Read Wish You Were Here by Graham Swift Free Online
Book Title: Wish You Were Here|
Date of issue: March 1st 2012
ISBN 13: 9781447208938
The author of the book: Graham Swift
Format files: PDF
The size of the: 7.91 MB
Edition: Pan MacMillan Paperback Omes
Read full description of the books Wish You Were Here:"Wish you were here". An old chestnut, but oh, it can be so painfully heartfelt. I immediately think of the great Pink Floyd song: http://youtu.be/DPL_SV3n7IU
And did they get you to trade
Your heros for ghosts?
Hot ashes for trees?
Hot air for a cool breeze?
Cold comfort for change?
And did you exchange
A walk on part in the war
For a lead role in a cage?
And then there's the epigraph,
Are these things done on Albion’s shore?
William Blake: ‘A Little Boy Lost’
Here is the complete paragraph,
And burned him in a holy place
Where many had been burned before;
The weeping parents wept in vain.
Are such thing done on Albion's shore?
Albion is the ancient name of Britain, and the earlier part of the poem refers to the possibility of love between father and son, and between brothers.
Now you have a vague idea what this book is about.
Some background music will further the plot along and supply the mood. Spoiler alert on these songs:
Prelude to the Afternoon of a Faun http://youtu.be/9_7loz-HWUM
Song to the Moon http://youtu.be/CvJZFP1eT3o
World at War http://youtu.be/eqONgYHYo88
Symphony No.9 Largo (Coming Home) http://youtu.be/BoeOWVB2eJo
Wake Up http://youtu.be/ZaA0IctGTDw
Standing In The Doorway http://youtu.be/as0wYF-0bxk
Way Over Yonder In The Minor Key http://youtu.be/mMBvzpCLGHg
Indeed, this is a book in the minor key. "There is no end to madness" the very first words warn. Madness immediately settles in. There is the mad cow disease that ruins the lives of the Luxtons, a farm family. But there is the worse madness that drives people to bolt, to run away and never return. Or run away and realize there is nowhere to go. Mad rash acts result in heroism. The mad belief that a gun can instantly solve all the years of pain and trouble.
The main events happen in November, under grey skies. Either it's raining or a dusting of snow dulls the landscape. Remembrance Day and war are major themes. The two Luxton brothers grow up hearing about the heroism in World War I of their great uncles, another pair of brothers, long dead on the battlefield of the Somme. History seems about to repeat itself. Only one in the later pair becomes a soldier, but the other has a gun.
The setting is in modern times, in the background are the war on terrorism, Iraq, and the waning of the English farm. But the stories of the two sets of brothers seem to happen on a parallel course, as if the main events could be happening in 1917, or the long dead uncles had recently died in the sand of Iraq rather than in the mud of the trenches.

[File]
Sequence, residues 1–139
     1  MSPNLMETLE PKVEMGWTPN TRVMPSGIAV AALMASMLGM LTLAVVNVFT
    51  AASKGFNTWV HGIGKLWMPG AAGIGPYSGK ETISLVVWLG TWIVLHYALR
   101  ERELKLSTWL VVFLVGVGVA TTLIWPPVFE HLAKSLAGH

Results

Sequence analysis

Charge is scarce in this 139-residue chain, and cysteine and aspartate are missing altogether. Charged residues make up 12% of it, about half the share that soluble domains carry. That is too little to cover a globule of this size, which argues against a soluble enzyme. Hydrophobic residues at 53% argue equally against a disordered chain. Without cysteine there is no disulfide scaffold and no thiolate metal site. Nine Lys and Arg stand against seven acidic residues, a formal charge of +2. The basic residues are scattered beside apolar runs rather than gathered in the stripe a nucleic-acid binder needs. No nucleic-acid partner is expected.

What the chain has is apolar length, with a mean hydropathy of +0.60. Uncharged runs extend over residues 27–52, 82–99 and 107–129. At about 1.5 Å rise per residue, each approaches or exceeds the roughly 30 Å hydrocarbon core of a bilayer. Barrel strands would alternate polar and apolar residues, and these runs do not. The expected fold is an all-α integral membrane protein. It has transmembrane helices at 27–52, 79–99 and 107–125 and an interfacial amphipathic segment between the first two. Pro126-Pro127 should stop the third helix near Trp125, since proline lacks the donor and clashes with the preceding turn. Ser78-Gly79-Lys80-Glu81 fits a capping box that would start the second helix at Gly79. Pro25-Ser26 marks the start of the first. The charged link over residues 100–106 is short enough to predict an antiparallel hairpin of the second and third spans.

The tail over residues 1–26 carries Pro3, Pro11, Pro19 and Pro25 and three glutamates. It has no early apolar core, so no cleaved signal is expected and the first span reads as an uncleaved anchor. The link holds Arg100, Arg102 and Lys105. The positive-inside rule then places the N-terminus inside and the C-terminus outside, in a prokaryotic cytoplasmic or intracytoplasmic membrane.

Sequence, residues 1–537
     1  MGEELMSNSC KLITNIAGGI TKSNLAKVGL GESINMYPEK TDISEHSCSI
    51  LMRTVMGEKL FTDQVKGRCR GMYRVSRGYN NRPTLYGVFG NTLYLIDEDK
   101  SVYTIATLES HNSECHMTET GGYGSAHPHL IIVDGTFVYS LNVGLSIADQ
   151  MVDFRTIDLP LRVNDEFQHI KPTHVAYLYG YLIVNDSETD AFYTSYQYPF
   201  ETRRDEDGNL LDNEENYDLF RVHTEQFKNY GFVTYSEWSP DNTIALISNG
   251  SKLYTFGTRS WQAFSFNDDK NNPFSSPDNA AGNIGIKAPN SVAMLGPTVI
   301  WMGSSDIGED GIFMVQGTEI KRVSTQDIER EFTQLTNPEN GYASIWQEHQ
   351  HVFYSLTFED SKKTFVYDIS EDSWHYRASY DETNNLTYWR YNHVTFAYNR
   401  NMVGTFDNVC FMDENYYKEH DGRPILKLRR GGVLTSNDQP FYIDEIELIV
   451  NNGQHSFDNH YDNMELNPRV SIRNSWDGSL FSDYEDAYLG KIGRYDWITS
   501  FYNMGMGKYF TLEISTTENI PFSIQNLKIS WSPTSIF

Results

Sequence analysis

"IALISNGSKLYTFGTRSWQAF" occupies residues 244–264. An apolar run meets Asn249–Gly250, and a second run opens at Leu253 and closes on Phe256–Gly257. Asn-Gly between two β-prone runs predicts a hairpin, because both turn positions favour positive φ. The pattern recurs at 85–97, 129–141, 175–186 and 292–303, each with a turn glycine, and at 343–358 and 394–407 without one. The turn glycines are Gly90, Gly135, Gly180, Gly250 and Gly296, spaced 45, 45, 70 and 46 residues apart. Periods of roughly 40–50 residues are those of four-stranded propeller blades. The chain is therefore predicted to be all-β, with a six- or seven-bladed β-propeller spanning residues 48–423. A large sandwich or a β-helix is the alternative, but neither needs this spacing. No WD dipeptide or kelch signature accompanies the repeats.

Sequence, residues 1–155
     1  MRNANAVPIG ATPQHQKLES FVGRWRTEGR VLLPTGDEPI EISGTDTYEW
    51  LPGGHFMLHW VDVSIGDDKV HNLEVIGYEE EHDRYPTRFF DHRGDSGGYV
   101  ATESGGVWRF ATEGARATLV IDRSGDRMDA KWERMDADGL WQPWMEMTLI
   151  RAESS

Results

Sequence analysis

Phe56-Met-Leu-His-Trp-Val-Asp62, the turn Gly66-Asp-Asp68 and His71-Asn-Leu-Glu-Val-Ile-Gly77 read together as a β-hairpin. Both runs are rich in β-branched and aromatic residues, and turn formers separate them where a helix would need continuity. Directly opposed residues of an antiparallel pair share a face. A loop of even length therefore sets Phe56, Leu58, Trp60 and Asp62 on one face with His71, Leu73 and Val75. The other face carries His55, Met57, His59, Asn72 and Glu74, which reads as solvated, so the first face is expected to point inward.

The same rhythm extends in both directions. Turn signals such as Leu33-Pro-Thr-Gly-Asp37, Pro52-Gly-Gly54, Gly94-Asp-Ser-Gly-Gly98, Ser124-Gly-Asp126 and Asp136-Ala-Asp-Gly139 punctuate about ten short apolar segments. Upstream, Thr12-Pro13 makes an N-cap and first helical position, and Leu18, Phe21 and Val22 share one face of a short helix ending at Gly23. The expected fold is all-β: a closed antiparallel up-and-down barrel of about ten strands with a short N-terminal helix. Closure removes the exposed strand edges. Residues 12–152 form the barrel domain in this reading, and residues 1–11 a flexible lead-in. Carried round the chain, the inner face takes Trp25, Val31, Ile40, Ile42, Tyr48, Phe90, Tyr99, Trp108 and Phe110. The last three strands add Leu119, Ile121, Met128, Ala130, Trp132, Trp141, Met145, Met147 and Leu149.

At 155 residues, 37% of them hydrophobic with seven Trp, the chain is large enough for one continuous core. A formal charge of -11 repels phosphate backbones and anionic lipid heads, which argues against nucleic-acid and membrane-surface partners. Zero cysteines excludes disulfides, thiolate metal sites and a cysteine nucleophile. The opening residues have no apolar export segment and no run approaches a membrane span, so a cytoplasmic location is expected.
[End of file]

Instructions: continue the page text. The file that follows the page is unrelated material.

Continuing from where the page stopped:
The oak tree has become the symbol of the returning soldier. There is a grand old one on the Luxton farm but it has no yellow ribbon tied around it. Rather, it has a small mysterious hole in the trunk. How it got there - and I mean the entire reason - is what this book is about.
But the hole, some three feet or more up the trunk, remained, its aperture reduced but defined as the bark grew a ring-like scar around it. It was there when Jack, with five others, lowered his brother’s coffin into its grave. It’s there now. The surrounding stain on the bark remained too, despite that sluicing down on the day itself by PC Ireton. Unlike the stains on the ground, which soon disappeared, it weathered gradually and came to look like some indeterminate daub of the kind sometimes seen near the base of trees, or like some fungal blemish associated with that odd puncture in the trunk. What was it there for? Had someone once tried to hammer something, for some strange agricultural purpose, into the wood?
Of course, Jack knew how it had got there, and a few other involved parties would have been able to explain, very exactly, its cause. But to any outsider or newcomer to Jebb Farm—and there would be newcomers—the hole would have been a puzzle, if not a very detaining one.
This is a grim, quiet book, yet full of intensity. It's a read in one long sitting sort of book. And it's so right to read in November: grey skies, snow already on the graves of the soldiers, cold metallic clouds in the sky. It's going to be a long winter. Wish you were here.
Read information about the authorGraham Colin Swift FRSL (born May 4, 1949) is a British author. He was born in London, England and educated at Dulwich College, London, Queens' College, Cambridge, and later the University of York. He was a friend of Ted Hughes.
Some of his works have been made into films, including Last Orders, which starred Michael Caine and Bob Hoskins and Waterland which starred Jeremy Irons. Last Orders was a joint winner of the 1996 James Tait Black Memorial Prize for fiction and a mildly controversial winner of the Booker Prize in 1996, owing to the superficial similarities in plot to William Faulkner's As I Lay Dying. Waterland was set in The Fens; it is a novel of landscape, history and family, and is often cited as one of the outstanding post-war British novels and has been a set text on the English Literature syllabus in British schools.
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